Thursday, February 27, 2014

Alta, UT: 02/21/2014

Skiing the East Greely bowl at Alta, 02/21/2014.

The Saratoga Skier and Hiker, first-hand accounts of adventures in the Adirondacks and beyond, and Gore Mountain ski blog.

I enjoyed Alta so much on Day 1 that I decided to return there for Day 2 to take care of unfinished business. Snowbird can wait.

Even though we woke to clear blue skies and the snow had stopped almost 24 hours earlier, terrain closures yesterday ensured that we’d find more powder today. Once again first chair was delayed until 9:15 for ski patrol and avi control, maybe that’s just business as usual at Alta?

View from the condo: a bluebird morning

Earn-your-turns tracks across from our condo

Don't hesitate, jump in!

Untracked powder goes quick, at least the obvious lines, and lacking a specific strategy we just jumped in wherever it looked good for the first run or two. A half dozen tracks above us caught my eye, and a short climb and traverse after our next ride up the Sugarloaf lift brought me to the top of this nice looking line:

A half dozen tracks

Traverse to the goods

Another skier dropping in

Of course by the time I got there six tracks had become two dozen, but no matter. I’m happy to ski tracked up powder on a beautiful line like that.

Does skiing get any more beautiful than this?

My tracks are up there, somewhere

East Greely above the Sugarloaf lift

One traverse leads to another, and I heard the chutes and steeps of East Greely (the backside of the High T – Rustler ridge) calling my name. I told the rest of the guys I’d meet them at lunch, and spent the rest of the morning making laps out the climbing traverse that leads out from the top of the Collins lift.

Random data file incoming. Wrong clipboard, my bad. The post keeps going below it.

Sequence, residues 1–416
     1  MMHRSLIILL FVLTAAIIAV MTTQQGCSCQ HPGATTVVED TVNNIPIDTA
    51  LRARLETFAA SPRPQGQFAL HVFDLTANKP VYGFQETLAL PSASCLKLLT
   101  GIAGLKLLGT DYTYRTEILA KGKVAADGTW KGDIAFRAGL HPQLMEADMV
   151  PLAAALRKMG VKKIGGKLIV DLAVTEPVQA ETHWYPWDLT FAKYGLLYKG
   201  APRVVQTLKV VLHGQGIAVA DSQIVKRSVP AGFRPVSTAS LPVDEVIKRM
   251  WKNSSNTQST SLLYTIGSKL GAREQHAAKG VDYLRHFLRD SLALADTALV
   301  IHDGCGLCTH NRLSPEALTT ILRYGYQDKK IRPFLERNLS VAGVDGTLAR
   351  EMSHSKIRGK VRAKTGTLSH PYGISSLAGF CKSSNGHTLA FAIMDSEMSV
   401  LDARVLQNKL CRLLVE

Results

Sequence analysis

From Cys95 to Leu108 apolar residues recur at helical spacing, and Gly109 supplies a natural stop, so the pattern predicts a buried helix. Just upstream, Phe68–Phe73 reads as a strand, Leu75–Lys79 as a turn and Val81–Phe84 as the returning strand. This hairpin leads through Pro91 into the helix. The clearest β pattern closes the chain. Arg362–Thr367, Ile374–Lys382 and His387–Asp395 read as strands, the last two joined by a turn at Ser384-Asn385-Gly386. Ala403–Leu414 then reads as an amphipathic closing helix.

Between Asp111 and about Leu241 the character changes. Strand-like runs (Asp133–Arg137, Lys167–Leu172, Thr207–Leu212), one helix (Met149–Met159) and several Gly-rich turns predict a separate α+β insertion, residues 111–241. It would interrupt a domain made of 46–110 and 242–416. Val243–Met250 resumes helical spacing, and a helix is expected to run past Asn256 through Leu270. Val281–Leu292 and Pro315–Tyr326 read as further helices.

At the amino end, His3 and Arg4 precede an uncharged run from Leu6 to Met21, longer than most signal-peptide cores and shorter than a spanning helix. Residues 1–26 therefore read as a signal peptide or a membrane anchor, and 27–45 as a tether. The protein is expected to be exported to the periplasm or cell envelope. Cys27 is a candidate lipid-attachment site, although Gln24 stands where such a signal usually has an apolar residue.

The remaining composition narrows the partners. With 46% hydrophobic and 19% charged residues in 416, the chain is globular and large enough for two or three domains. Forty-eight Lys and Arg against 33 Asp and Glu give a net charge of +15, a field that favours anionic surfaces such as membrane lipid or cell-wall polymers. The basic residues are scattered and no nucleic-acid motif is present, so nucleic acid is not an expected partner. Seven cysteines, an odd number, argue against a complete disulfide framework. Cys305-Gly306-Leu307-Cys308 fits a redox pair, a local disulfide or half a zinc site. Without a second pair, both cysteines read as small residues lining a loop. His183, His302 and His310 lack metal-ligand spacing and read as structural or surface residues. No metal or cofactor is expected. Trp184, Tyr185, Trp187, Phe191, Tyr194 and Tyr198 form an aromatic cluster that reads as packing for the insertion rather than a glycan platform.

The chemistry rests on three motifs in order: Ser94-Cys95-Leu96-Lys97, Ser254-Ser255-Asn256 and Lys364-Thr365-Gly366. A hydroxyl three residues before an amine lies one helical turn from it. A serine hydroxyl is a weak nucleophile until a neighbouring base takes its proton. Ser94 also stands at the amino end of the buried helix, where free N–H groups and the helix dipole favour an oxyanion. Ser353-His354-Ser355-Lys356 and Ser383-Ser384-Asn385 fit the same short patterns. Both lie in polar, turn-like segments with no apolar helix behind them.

Sugarloaf's Mineral Basin from the top of Alta's Sugarloaf lift

View from the top of Sugarloaf

Start of the traverse out to East Greely

Avalanche control on East Greely

At the end of the traverse there's a corkscrew notch that marks the entrance to the East Greely bowl. It’s an exposed feature that looks intimidating, but is actually easy to ski. Beyond the notch, you can take any descent line: they’re all steep and they’re all good.

Taking the inside line through the corkscrew notch

Outside line through the corkscrew

East Greely's steep lines beyond the corkscrew notch

A few of East Greely's chutes

On my second lap, I stopped partway down to take some photos of other skiers. One guy stopped nearby, and I told him I might have some decent shots of him if he wanted to give me his email address. We were both loving the snow and terrain so much that we decided to ski another lap together. He took the camera on that lap, so now I’ve got pretty much the only photos from this winter of me skiing. If you read this Paul, I hope the rest of your trip was as good as those runs.

The next bunch of photos are all of skiers on East Greely's terrain. The last one is of me (as is the photo at the top of this post).

As great as the morning was, there was still more great skiing after lunch. One highlight: following the trees down from the top of the Collins lift. Even though they’d been skied all day, snow kept blowing in, buffing and re-filling the tracks, so every run (we did three) felt like the first.

Looking up at East Greely from the Sugarloaf chair

Collins trees: wind-buffed refills on each run

To close out the day, I picked out another line to ski back to the condo. The Keyhole gate at the top of the Wildcat lift provides access to steep trees that lead back to Snowbird. Just like day 1, I hugged the Snowbird – Alta boundary to ski my way back home.

Keyhole gate to Snowbird and back to our condo

I’m sure I barely scratched the surface of all that Alta offers, but after two bell-to-bell days I felt like I had at least given it a fair sampling. Time to move on to Snowbird for Day 3.

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